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Former Arkansas governor turned political pundit Mike Huckabee on Thursday compared stopping gay rights to stopping the march of Naziism across the globe.
During an appearance at the 2014 March for Marriage in Washington, D.C., Huckabee said judges don’t have the right to repeal gay marriage bans.
“We are under an obligation to obey God and the law, and if necessary, to defy an institution that is out of control,” proclaimed the moralizing politician.
Huckabee then began quoting Martin Luther King, Jr.
“One may well ask, ‘How can you advocate breaking some laws and obeying others?’” King once wrote. “The answer is found in the fact that there are two types of laws: there are just laws, and there are unjust laws. I would agree with St. Augustine that ‘An unjust law is no law at all.’”
Huckabee continued the quote: “We can never forget that everything Hitler did in Germany was “legal” and everything the Hungarian freedom fighters did in Hungary was ‘illegal.’ It was ‘illegal’ to aid and comfort a Jew in Hitler’s Germany. But I am sure that if I had lived in Germany during that time, I would have aided and comforted my Jewish brothers even though it was illegal.”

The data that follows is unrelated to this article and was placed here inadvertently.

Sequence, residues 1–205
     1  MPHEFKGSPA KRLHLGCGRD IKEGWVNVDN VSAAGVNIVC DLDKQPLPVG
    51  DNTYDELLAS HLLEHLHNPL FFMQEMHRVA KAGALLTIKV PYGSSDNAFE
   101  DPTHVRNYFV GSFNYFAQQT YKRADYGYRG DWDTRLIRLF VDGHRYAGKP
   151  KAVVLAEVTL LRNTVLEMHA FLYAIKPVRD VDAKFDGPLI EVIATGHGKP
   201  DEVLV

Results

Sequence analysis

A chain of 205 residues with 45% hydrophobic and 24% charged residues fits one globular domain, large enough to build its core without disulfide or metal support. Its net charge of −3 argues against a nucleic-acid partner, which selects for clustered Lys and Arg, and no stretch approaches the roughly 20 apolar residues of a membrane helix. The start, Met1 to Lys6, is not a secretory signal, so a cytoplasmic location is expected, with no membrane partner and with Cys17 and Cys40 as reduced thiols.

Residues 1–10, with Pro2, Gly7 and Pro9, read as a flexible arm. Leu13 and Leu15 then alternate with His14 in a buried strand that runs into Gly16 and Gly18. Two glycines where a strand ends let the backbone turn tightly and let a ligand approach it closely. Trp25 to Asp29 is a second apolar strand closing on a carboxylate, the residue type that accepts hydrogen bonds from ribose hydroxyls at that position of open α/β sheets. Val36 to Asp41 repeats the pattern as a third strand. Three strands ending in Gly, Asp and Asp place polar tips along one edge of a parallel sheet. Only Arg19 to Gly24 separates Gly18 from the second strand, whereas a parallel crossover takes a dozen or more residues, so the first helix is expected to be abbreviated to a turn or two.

“I wish I had penned those words,” Huckabee roared. “But they were penned by someone who understood freedom, and understood that there was a time to stand up against law when it has become unjust. Those are the words that were penned in 1954 by Martin Luther King Jr. in his letter from the Birmingham Jail.”
Then he drove home the point that the role of judges is not to uphold unjust laws.
“I wish he were here today to say in the people in the building this one, Mr. Supreme Court justices, Madam Supreme Court justices, your role is only to interpret the law, to make sure that it somehow meshes with the Constitution, not that it messes with the Constitution!” he concluded.